July 27, 2011
General aviation design legend Burt Rutan may have announced his retirement, but he’s continuing his innovative work. At a forum presentation July 27, Rutan expanded on his latest work: a hybrid-powered flying car.
“Ten years ago, I decided to let the younger engineers at Scaled Composites do the design work,” he said. “And even though SpaceShipOne was my last design, back in 2000, I thought, ‘I gotta do one more.’”
The result is the BiPod, a research project that Rutan is advancing in order to determine the feasibility of developing hybrid-powered flying cars. Another goal was to introduce Rutan’s younger designers to “old school” methods (using pencils, slide rules, and paper drawings) as an alternative to their usual reliance on computer-assisted design (CAD) methods. “CAD slows down design progress,” Rutan said. “It makes you miss deadlines.”
A team of 20 engineers was assigned to the BiPod project, and the car/airplane achieved a first, brief flight back in April 2011. BiPod stands for “Burt’s innovative project overtakes Dano,” a playful jab at engineer Daniel Craig, a staffer with a penchant for flying cars.
“We know how to build airplanes,” he said. “That’s easy. But a flying car? Most of those designs can barely fly. So we wanted to see if we could build a hybrid-powered model that would be a good airplane—one that could fly over the Rockies and have good range.”
The all-fiberglass design has a 31.8-foot wingspan, twin-boom fuselages that carry one occupant each (the pilot flies from the right fuselage), and twin pusher propellers. Each 32-inch-diameter propeller is driven by a six-pound, 20-horsepower electric motor, which is powered by 16 lithium ion phosphate batteries bearing 24 cells. The batteries are charged by a four-stroke motorcycle engine. The car/airplane currently has a takeoff weight of 1,430 pounds—which includes 18 gallons of auto fuel for the motorcycle engine.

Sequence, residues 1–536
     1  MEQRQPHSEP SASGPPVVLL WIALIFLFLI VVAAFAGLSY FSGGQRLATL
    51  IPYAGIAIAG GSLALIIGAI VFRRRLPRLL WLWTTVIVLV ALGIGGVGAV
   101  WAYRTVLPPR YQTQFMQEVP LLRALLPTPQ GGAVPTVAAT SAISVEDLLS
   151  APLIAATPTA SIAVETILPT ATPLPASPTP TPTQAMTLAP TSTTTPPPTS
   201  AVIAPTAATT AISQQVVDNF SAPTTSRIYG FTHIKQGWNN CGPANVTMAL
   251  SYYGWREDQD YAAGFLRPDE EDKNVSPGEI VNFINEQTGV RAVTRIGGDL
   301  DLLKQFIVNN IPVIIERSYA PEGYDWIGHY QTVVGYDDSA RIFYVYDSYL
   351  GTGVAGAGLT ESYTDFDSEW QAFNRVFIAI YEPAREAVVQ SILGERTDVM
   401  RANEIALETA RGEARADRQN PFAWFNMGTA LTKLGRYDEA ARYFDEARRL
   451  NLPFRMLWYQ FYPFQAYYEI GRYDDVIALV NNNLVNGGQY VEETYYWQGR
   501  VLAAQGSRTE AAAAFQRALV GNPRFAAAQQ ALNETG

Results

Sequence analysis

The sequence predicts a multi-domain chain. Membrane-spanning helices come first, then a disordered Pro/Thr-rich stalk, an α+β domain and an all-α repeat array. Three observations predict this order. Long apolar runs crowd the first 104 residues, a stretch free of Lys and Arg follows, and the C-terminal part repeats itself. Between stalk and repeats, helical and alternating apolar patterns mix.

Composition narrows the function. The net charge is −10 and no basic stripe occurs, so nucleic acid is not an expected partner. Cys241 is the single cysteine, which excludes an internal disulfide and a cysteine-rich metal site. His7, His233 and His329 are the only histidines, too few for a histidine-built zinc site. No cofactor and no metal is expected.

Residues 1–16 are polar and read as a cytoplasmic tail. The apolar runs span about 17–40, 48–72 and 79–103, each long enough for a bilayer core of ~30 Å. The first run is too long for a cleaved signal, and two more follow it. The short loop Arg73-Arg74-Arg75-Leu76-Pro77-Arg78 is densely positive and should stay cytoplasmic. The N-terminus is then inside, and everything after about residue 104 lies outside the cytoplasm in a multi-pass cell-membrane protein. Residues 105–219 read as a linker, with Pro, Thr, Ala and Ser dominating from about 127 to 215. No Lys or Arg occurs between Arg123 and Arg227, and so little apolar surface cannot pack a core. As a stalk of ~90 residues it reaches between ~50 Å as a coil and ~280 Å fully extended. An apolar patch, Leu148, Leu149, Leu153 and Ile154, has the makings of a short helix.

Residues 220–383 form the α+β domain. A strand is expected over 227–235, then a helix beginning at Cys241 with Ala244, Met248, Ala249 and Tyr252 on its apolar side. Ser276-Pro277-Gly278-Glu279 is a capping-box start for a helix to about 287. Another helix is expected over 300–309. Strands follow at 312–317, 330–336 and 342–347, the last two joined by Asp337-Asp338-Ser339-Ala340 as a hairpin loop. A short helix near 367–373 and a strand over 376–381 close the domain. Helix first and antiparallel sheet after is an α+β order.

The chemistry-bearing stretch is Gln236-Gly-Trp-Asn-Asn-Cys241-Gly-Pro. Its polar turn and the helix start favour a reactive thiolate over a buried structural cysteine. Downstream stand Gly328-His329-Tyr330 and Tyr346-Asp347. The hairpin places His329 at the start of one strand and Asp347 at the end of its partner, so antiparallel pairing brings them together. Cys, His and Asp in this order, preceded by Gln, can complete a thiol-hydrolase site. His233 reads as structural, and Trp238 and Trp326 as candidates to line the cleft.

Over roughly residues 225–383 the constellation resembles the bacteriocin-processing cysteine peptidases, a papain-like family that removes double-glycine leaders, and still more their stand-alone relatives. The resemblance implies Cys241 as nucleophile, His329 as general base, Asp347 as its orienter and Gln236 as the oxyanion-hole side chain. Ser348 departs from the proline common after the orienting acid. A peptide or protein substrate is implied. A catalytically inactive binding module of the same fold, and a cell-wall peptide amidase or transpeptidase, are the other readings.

The BiPod was not on display at EAA AirVenture.
In auto mode, the wings are folded and the rear wheels are powered by their own electric motor. In urban use, the BiPod should turn in a range of 35 miles using electric power only; at 65 mph on highways, a range of 820 miles is predicted. The motorcycle engine can be used to augment the electric power for high power output, in which case fuel consumption is projected as 46 mpg.
Rutan said that the BiPod should be able to take off and land within 400 feet, cruise as fast as 197 mph at 12,000 feet, and fly as far as 760 miles at an economy power setting. So far, ground effect flights have been conducted, with takeoff power provided by both the propellers and the wheel motors. But Rutan said he doesn’t know if the project will move on to a more extensive flight testing phase.
“I’m not in the business. I don’t have it in me to do another kit,” he said.
Rutan recently moved from California to Coeur D’Alene, Idaho. But when pressed, he was coy about his retirement there. “When I left Mojave, I left all but three pieces of furniture there—and one of them was my drafting board…hey, I’ve made a design a year since 1973,” he said. “Do you expect me to stop now? Remember, you don’t hear about my designs until they’ve flown.”
Veteran airshow performer Billy Werth teaches students to consider roads in case of emergency. On Aug. 10, he took his own advice.
While private pilots may share certain costs with passengers under certain circumstances, they cross the line when spreading the word.
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